Should I Get A Mold Inspection Testing When I’m Buying A House in Florida
Is it necessary to do mold inspection testing when buying a new home?
Depending on whom you ask, you will get a different answer. But answering this question is easy if you know how to do the cost-benefit analysis of getting a mold inspection versus the risks, costs, and benefits of not getting it. This post can help you make an informed decision.
Mold Inspection Testing: What is mold?
Mold is the name for the variety of fungi that grow on numerous materials in the home. Mold comes in many colors; black, white, green, or gray – but all have the quality of growing only in a specific environment.
Mold will grow in an area if the following conditions are present:
- Damp, humid, and wet conditions
- Poorly-ventilated spaces with temperatures of 77°-86° F
- Little or no sunlight exposure
- A food source; any organic matter
Mold Inspection Testing: Implications of mold growth
There are two crucial problems with the growth of mold in the home; compromised indoor air quality and damage to the materials in the house.
1. Damage to household items and building structures
When mold grows on any surface, it is feeding on that surface. The material can be wood, paper, carpet, fabric, wallpaper, drywall, ceiling tiles, or floorboards. If mold is left unchecked, it will compromise the strength and stability of the home’s structures.
2. Poor indoor air quality
The second problem with mold is how it affects the indoor air quality of homes. Some types of mold emit toxins and microbial volatile organic compounds (MVOCs). MVOCs are the source of the unpleasant odor often associated with mold. Beyond unpleasant odors, mold toxins and spores will aggravate allergies and cause or complicate respiratory problems. People who live in a mold-infested home will get sick more often.
Finding mold in the home
Because mold loves dank hidden parts of the home, it can be tough to spot. The fungus can grow in places with little sunlight exposure and poor ventilation. These are also the areas of the home that people rarely visit or see.
Some of the favorite places where mold hides are:
- Beneath carpets and carpet underpad
- Underneath floor and ceiling tiles
- Within HVAC ducts and plumbing
- Inside window sills and closets
- Underneath layers of wallpaper and drywall
- Inside and around appliances; refrigerator drip pans, front load washers, boilers, and heaters
- In the attic, basement, crawlspace, or inside the roofing structure
However, even when mold growth stays within these areas alone, it will still impact indoor air quality. That is because mold spores, toxins, and gases will spread throughout the home.
Does a home inspection detect mold?
Because there is no national standard for how home inspectors should deal with possible mold growth in a home, each inspector will deal with the problem differently
- Some home inspectors may report the presence of organic growths
- Some home inspectors will not check for mold at all
- Some home inspectors will intentionally check for mold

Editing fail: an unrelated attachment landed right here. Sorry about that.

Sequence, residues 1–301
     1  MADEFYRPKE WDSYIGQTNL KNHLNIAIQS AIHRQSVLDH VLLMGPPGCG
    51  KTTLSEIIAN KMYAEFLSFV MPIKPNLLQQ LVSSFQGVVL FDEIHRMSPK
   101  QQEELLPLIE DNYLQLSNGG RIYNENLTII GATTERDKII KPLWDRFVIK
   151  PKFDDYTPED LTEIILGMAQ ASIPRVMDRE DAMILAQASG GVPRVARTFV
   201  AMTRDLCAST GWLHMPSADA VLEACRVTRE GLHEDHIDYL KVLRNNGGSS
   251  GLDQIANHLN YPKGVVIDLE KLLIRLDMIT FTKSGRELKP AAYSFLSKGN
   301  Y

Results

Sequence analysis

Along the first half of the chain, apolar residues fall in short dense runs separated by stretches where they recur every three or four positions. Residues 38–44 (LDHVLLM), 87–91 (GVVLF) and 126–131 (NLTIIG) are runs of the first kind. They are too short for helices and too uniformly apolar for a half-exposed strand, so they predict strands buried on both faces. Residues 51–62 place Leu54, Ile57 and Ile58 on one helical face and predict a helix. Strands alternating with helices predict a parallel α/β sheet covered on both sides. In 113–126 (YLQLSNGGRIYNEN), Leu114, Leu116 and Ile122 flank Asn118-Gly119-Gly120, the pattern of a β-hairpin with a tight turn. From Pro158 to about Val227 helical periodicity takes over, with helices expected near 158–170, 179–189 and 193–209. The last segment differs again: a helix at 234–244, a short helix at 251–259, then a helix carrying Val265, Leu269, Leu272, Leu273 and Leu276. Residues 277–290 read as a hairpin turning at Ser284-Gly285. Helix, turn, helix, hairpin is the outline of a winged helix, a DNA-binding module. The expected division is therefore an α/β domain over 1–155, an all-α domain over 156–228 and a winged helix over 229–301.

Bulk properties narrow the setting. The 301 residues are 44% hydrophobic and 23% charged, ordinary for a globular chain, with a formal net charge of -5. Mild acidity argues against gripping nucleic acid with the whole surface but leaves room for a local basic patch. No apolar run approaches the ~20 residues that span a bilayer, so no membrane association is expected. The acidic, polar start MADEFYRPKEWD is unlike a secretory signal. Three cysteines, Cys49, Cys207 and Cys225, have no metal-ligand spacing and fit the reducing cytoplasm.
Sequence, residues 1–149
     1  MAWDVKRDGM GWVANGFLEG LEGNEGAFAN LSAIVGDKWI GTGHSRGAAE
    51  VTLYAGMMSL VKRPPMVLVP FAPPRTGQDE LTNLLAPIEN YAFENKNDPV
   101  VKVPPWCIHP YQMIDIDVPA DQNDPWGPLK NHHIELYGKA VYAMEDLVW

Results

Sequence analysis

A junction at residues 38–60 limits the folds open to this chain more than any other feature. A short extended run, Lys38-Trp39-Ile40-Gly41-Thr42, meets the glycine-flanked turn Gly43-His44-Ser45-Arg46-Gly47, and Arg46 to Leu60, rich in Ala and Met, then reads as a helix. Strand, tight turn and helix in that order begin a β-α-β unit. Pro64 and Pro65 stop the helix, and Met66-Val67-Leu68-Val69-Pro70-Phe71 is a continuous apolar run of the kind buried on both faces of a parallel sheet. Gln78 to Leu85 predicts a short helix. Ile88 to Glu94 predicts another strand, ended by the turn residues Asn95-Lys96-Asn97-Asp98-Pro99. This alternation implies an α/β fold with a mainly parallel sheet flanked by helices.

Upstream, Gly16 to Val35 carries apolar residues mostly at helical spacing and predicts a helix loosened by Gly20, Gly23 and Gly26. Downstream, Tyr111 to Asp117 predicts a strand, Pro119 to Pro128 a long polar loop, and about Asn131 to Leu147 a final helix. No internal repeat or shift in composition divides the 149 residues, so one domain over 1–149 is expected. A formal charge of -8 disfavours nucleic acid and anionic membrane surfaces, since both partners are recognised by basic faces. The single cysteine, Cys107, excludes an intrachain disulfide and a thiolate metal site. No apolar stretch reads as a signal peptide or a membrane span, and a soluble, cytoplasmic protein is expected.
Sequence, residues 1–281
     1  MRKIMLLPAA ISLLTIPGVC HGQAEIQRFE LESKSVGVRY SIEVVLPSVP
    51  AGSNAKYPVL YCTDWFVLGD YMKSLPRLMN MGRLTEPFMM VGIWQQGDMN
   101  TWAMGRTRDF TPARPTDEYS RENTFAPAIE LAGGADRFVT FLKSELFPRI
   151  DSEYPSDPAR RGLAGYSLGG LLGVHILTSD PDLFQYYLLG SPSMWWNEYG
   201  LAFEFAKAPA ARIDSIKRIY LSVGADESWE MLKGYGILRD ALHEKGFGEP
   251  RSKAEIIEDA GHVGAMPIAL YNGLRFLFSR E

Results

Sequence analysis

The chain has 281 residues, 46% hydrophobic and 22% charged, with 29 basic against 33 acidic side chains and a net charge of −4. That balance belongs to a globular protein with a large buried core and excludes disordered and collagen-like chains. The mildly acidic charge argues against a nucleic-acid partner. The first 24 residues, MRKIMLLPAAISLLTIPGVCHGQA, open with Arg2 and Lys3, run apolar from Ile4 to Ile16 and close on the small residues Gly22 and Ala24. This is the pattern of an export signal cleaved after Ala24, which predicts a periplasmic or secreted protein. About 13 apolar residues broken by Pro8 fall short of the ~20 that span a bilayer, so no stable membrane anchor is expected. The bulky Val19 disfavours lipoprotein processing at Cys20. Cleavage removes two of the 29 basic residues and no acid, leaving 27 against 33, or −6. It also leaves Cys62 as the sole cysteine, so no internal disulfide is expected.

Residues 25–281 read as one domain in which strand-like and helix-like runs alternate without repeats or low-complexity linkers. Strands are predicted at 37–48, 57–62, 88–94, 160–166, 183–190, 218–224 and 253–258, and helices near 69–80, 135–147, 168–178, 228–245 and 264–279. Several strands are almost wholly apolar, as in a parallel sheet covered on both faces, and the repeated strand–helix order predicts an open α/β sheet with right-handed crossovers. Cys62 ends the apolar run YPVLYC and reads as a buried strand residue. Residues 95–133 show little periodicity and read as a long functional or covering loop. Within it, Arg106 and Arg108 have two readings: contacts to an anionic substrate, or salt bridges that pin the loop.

Ask your inspection company if and how their services include inspecting and/or testing for mold. Many companies offer Air Quality Control Testing. Florida has a specific process for how mold testing and mold remediation are managed throughout Florida.
Mold Inspection Testing: How not to buy a home with mold
What are the implications of buying a home with mold?
Apart from the health issues, there is the cost of mold remediation. Treating a home for mold can be expensive, says Florida Property. Depending on the extent of growth and duration, the prices can go as high as $20,000. That is not just the cost of removing mold. It includes the cost of removing, cleaning, disinfecting, or replacing contaminated areas of the home.
But this cost is easily avoided by doing a pre-purchase mold inspection.
Mold Inspection Testing: The pre-purchase mold inspection
During this process, a mold expert will go over every inch of the home with the sole purpose of finding mold. That includes a visual inspection of every part of the home, testing surfaces & materials, and the use of equipment designed specifically for mold detection.
A pre-purchase mold inspection will:
- Inspect and test surfaces; including behind wall paint
- Check indoor air quality (to detect signs of mold, such as spores)
- Check unreachable areas of the home for leaks and dampness
- Check for condensation issues that may predispose the home to mold growth
A pre-purchase mold inspection is the most reliable way to check a home for mold. Mold inspectors know where to look and have the detecting equipment, even if it is behind drywall or beneath tiles, wallpaper, and a painted surface.
Mold Inspection Testing: How much does a pre-purchase mold inspection testing cost?
It depends on the size of the home. The price of a mold inspection depends on the square footage. For a 4,000 square foot home, the cost is $300-$400. The price may go up to $700-$900 if the house is more than 4,000 square feet.
In conclusion, should you get mold inspection testing for the home you are buying? Compare the risk of spending $400 to do the mold inspection without finding mold versus $10,000 to remove mold after purchasing the home.
I hope this information has been helpful in providing additional insight for deciding on mold inspection testing. If you have additional questions and want to get in contact with GGR Home Inspections please send us a note, text, or call.